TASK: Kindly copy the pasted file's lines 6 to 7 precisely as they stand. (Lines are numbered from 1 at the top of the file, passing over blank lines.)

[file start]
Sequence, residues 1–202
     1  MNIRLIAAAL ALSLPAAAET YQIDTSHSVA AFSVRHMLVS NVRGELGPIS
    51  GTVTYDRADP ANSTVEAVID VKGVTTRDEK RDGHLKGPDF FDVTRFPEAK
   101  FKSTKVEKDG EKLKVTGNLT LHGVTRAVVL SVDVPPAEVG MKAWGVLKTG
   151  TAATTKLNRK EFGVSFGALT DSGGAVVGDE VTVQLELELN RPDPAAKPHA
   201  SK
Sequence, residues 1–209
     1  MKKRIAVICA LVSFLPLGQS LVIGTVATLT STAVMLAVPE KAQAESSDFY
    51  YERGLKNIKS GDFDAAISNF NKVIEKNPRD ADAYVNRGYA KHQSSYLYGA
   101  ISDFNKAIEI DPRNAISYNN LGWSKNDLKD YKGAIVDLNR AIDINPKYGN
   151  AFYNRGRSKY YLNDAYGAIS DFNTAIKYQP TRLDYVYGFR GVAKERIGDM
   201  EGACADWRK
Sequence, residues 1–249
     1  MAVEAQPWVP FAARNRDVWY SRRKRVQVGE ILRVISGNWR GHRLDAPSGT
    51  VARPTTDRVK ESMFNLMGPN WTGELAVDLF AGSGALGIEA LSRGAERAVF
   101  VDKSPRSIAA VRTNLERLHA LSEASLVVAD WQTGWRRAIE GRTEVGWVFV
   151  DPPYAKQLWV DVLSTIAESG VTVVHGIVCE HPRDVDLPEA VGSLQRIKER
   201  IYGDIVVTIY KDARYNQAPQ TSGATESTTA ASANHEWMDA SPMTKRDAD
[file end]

   201  SK
Sequence, residues 1–209